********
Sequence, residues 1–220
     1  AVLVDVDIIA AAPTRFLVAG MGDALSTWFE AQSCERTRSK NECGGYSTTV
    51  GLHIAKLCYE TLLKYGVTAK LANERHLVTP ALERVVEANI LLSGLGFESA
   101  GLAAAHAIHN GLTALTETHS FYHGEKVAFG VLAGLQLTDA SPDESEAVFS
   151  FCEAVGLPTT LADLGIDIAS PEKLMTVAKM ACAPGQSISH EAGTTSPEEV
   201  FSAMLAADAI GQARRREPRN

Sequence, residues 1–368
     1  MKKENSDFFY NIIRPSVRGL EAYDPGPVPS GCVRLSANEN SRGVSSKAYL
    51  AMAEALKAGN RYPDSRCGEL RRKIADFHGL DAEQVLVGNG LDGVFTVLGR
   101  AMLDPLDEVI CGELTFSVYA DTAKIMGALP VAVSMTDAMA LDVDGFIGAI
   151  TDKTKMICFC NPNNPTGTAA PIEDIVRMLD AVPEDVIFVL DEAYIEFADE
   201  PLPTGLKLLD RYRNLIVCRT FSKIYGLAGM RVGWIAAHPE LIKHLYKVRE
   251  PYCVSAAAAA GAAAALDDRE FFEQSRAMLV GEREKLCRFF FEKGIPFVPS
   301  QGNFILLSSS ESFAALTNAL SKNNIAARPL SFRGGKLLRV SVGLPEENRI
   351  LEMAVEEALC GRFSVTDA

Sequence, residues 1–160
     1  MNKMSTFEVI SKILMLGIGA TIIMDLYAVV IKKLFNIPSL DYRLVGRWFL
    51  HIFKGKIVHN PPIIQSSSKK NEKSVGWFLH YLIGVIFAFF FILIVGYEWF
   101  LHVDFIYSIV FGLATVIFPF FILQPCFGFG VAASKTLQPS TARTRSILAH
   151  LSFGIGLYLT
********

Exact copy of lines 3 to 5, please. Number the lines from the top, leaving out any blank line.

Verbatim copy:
    51  GLHIAKLCYE TLLKYGVTAK LANERHLVTP ALERVVEANI LLSGLGFESA
   101  GLAAAHAIHN GLTALTETHS FYHGEKVAFG VLAGLQLTDA SPDESEAVFS
   151  FCEAVGLPTT LADLGIDIAS PEKLMTVAKM ACAPGQSISH EAGTTSPEEV